Student Caffeine Addicts

By
April 7, 2005

You need to get through two essays in one evening, to wake up at 6 a.m. after a long night of partying or to study for that philosophy final the night before. You need one more cup of joe.

Others turn to coffee for its aromatic quality and the romance of sitting in an artsy coffee shop sipping fancy beverages.

Coffee, the most popular beverage in America and the most common form of caffeine, is widely consumed at Mills, and many cite “stressful all-nighters” and “procrastination” as justification for binge drinking. Many students who don’t consume coffee, drink soda or caffeinated tea instead. A few students also take caffeine pills during final exams. When weighed out, coffee and black tea contain the same amount of caffeine. The distinction is that a cup of coffee is generally made with more volume then tea is.

“I really like the smell of coffee. If I could drink the smell, I would,” said freshwoman Rebecca Blanck-Weiss.

Outside Peet’s Coffee in Emeryville, freshwoman Alma Flores meets those waiting with keys working the morning shift. “Everyday, at 5:50 [a.m.], we have people waiting in line. They get the same shit everyday,” she said. People like “a guy named Jafar. He’ll order a small cappuccino and be back in line four times within the hour. So that’s eight shots.”

The average cup of java contains 115mg of caffeine. Caffeine is a stimulant regulated by the FDA. If caffeine is considered a drug, then should coffee also?

Flores’ sentiment is echoed through other student baristas. Audrey Parish, a freshwoman, works the morning shift at Starbucks and said on a typical morning, before opening, “One person will pour everyone [espresso] shots and peer pressures everyone else to drink them.” Parish related the experience of being a Starbucks barista to being at a “party with alcohol but it’s a coffee place with caffeine instead.”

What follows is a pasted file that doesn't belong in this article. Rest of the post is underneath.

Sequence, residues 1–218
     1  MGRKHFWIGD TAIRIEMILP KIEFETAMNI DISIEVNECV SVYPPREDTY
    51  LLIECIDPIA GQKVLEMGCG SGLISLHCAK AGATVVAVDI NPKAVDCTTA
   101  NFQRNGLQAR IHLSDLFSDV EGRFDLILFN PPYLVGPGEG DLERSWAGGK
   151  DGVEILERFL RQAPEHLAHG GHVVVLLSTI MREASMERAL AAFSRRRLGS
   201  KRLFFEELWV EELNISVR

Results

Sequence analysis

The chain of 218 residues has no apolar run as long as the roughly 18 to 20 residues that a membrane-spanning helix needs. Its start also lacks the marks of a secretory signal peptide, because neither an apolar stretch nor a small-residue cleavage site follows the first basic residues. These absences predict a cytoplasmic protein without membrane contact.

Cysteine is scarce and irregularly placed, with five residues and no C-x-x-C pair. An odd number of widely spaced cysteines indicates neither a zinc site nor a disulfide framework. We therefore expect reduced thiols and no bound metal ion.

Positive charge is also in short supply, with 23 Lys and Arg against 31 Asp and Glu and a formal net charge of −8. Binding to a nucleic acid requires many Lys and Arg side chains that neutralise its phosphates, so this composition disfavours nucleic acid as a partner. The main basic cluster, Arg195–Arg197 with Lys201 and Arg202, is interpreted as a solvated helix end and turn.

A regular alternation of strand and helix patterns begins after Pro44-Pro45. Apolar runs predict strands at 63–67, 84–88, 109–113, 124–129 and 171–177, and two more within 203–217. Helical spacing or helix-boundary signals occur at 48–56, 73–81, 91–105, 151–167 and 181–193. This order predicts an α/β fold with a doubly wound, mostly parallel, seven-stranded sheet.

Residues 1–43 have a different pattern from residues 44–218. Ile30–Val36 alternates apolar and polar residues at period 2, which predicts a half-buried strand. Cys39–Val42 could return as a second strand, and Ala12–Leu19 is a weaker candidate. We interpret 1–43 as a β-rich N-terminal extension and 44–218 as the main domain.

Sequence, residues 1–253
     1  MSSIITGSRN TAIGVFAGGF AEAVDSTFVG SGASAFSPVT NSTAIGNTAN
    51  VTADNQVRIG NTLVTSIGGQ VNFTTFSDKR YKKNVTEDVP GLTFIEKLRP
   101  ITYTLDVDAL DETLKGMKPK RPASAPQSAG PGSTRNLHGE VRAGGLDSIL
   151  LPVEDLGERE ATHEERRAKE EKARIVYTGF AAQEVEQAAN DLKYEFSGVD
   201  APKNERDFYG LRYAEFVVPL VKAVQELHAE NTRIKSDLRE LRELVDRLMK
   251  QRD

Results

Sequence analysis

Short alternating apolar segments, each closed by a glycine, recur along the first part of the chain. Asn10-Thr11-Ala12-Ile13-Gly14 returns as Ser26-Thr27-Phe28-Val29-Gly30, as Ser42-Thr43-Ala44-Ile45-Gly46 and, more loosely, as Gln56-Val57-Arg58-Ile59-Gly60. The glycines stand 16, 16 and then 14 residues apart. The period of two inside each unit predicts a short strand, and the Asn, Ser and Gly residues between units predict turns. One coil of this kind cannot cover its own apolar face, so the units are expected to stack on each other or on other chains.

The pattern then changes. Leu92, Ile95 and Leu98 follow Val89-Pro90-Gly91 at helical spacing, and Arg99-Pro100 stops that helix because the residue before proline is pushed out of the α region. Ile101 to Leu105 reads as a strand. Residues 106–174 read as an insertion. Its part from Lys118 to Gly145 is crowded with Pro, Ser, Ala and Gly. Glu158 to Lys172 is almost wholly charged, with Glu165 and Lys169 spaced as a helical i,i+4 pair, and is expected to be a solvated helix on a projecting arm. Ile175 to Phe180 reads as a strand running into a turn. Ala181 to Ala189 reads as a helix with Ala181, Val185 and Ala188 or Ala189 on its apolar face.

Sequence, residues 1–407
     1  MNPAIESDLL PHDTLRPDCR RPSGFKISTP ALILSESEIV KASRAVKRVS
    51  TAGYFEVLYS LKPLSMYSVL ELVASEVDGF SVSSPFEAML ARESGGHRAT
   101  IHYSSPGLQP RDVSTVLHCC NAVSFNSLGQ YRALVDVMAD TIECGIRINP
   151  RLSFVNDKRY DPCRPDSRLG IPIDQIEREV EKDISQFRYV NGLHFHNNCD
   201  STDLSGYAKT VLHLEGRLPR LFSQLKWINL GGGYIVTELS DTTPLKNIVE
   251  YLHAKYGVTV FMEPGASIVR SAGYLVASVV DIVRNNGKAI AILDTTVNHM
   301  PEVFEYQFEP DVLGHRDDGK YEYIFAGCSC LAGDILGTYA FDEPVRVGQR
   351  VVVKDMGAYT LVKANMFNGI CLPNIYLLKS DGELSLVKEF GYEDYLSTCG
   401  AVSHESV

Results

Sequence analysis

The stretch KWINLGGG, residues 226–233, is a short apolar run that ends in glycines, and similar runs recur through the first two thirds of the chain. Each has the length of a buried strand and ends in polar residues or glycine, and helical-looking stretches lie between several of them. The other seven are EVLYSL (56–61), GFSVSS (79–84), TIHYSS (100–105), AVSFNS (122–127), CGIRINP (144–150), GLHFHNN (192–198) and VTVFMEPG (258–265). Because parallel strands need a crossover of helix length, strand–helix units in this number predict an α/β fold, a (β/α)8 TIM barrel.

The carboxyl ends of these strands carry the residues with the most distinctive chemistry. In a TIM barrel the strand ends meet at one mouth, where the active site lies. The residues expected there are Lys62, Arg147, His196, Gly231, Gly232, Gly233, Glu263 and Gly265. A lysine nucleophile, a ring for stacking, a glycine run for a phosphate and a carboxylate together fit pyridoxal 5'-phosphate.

Jaime Barger, a barista at World Ground on MacArthur Blvd., said that when she stops drinking coffee, she “doesn’t feel an affect,” yet she still considers caffeine to be a drug as it “alters a mental state.”

In the Olympics when urine tests find 12mg/liter of caffeine, the equivalent to eight cups of coffee, caffeine becomes an illegal stimulant, grounds for disqualification.

Though many agree that coffee is a drug, besides feeling tired, few students list any withdrawal symptoms that they feel when they stop drinking Joe. When Blanck-Weiss goes without coffee, she has to “eat an apple. It’s supposed to be better than coffee.”

The term used to describe a person who is dependent on caffeine is “caffeinism.” This condition only applies to drinkers who consume a high dose of caffeine, which is 600-750mg per day. The average American, consuming 3.4 cups a day, would not be considered a caffeinist. The term only applies if the person shows withdrawal symptoms. Many students agreed that an addict is distinguished from the casual drinker by showing these symptoms.

Parish states that, “People will pay any price, we raise prices all the time and some will complain but then they will turn around and buy it anyway. If you need [the caffeine] you’ll pay for it, it’s like a drug business.”

Contributed to by Kassi Kappelos


Student Caffeine Addicts was published on April 7, 2005 in Sports & Health

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